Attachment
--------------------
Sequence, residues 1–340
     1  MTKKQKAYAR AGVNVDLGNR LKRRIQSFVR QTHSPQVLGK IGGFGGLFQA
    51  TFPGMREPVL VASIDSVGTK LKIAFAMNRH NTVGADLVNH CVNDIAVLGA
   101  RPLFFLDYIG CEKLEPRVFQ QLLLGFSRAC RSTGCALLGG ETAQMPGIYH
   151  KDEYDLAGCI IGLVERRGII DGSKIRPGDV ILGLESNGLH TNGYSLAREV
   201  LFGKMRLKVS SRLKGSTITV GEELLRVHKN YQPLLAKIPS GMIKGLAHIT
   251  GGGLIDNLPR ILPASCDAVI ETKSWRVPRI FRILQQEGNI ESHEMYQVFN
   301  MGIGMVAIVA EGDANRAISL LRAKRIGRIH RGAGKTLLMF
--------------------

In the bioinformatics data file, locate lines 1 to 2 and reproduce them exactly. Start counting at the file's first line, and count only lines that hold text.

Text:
Sequence, residues 1–340
     1  MTKKQKAYAR AGVNVDLGNR LKRRIQSFVR QTHSPQVLGK IGGFGGLFQA